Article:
Contributing to Markets for Technology? A Comparison of Patent Filing Motives of Individual Inventors, Small Companies and Universities
Veer, T., Jell, F., 2012. Contributing to markets for technology? A comparison of patent filing motives of individual inventors, small companies and universities. Technovation, Forthcoming
27 Pages Posted: 23 Sep 2011 Last revised: 20 Mar 2015
Date Written: August 23, 2011
We compare patenting motives of individual inventors, small firms, and universities to those of large firms. We use data from a survey (637 responses) among applicants at the European Patent Office. Our results from regression and factor analyses confirm significant differences among applicant types. The generation of licensing opportunities is rated as being more important if the applicant is a university, individual inventor or small firm. Blocking and prevention of imitation is rated as being less important if the applicant is a university. We interpret that this finding results from the universities’ willingness to license under adequate conditions and their tendency not to use their patents for preventing the diffusion of their technology and its usage by others. Individual inventors and small firms place a higher importance on using patents as signals to investors, suggesting that patents are perceived as useful to secure access to the capital necessary to start or grow a business. Among all applicant groups, individual inventors attribute the most importance to blocking as a patent filing motive. This gives cause for concern because individuals who do not manufacture products on their own but, rather, use their patents to block others from production act as patent trolls.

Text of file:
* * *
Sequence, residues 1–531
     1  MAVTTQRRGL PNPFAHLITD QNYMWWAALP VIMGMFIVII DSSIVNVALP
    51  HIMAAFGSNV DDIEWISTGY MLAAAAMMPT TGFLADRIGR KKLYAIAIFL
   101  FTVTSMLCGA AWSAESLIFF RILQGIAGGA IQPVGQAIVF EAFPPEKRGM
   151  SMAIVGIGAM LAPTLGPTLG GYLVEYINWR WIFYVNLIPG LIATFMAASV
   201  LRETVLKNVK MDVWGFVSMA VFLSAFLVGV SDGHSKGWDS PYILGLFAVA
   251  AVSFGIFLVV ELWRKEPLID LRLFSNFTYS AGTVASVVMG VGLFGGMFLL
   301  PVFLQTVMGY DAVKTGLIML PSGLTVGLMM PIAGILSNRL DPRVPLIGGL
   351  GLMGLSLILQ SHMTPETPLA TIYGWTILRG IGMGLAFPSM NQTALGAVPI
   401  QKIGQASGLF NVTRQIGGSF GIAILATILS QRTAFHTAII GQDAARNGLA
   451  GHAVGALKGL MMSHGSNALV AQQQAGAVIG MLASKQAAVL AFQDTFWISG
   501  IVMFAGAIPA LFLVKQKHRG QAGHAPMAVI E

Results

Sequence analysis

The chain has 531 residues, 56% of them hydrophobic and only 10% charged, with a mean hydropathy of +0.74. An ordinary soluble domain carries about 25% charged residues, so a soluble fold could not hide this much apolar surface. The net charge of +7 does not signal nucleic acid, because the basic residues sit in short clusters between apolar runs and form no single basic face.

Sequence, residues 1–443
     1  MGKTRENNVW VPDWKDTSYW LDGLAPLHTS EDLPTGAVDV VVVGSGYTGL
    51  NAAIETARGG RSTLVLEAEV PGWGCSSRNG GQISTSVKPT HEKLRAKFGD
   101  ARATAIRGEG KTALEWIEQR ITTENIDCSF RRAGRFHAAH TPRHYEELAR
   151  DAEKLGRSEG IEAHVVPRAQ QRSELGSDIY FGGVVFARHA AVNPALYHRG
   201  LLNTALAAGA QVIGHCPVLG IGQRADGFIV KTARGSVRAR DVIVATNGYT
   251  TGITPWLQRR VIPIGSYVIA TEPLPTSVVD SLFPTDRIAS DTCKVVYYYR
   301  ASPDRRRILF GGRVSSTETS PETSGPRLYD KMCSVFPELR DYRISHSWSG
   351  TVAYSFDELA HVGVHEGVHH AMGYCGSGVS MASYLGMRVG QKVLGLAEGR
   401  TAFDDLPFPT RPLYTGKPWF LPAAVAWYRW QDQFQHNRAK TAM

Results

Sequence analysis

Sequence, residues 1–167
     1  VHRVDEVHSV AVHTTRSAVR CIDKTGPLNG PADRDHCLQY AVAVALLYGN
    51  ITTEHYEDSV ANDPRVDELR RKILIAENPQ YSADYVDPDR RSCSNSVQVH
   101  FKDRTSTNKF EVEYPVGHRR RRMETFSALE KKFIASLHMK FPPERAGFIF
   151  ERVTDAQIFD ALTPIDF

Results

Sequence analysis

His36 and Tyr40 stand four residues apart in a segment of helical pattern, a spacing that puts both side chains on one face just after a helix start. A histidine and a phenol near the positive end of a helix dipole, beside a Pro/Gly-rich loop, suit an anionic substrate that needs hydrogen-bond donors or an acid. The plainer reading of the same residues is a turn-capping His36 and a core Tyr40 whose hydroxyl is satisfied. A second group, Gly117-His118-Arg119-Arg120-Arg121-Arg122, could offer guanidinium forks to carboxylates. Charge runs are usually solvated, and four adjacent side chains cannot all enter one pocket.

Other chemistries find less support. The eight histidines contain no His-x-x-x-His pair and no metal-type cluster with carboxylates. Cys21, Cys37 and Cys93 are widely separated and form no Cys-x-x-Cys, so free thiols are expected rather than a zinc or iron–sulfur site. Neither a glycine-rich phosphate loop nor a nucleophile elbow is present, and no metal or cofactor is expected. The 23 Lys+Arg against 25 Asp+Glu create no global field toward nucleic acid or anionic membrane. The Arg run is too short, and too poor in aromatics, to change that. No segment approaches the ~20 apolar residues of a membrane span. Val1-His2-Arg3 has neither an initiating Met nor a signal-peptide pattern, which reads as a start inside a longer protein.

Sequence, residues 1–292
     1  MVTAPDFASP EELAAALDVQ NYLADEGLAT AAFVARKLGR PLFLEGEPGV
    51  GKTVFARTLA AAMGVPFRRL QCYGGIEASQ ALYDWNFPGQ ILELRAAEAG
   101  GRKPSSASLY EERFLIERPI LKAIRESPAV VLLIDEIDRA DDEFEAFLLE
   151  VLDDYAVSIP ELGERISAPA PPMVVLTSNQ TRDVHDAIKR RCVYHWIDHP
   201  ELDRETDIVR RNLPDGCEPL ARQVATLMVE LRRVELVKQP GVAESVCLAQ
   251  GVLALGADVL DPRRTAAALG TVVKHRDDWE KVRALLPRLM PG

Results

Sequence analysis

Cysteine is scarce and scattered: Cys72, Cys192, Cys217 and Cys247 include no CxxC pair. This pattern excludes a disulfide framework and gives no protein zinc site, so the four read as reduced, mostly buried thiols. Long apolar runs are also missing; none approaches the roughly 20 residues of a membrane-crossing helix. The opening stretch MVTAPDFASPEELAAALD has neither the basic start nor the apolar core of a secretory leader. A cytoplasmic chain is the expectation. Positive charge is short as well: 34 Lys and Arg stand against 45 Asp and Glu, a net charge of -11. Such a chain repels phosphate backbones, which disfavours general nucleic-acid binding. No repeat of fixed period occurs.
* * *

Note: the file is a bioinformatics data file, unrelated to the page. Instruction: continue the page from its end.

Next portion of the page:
Keywords: patenting motives, small applicants, academic patenting, strategic patenting, markets for technology
JEL Classification: O34,O38
Suggested Citation: Suggested Citation